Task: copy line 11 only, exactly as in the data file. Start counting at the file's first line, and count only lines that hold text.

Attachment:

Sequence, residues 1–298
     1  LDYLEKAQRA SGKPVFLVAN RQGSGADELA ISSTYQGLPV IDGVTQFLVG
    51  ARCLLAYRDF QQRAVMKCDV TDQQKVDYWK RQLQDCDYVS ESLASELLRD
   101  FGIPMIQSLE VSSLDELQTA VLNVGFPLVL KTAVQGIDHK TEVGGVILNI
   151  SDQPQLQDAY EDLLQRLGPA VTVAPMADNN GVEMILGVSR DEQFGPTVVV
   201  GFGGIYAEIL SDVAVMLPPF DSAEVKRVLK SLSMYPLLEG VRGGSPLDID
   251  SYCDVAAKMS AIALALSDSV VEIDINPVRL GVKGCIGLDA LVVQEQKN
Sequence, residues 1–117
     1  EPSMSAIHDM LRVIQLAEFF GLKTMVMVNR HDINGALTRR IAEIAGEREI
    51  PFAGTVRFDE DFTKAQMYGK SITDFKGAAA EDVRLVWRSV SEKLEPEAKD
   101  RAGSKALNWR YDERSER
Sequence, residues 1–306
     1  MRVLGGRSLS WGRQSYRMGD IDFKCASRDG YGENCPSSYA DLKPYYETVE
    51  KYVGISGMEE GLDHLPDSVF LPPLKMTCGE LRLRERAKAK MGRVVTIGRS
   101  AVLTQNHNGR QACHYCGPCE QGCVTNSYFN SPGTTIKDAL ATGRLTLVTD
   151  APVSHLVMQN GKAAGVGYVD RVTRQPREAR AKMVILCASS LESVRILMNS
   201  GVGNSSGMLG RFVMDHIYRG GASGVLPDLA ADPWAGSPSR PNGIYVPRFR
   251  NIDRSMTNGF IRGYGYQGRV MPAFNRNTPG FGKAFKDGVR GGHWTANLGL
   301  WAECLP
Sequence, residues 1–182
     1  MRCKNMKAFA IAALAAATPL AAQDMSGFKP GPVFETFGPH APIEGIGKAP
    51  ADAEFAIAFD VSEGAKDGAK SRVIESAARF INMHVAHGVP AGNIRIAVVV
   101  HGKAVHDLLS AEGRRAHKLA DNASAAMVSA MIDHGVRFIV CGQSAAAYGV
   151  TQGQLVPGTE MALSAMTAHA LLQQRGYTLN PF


   101  RAGSKALNWR YDERSER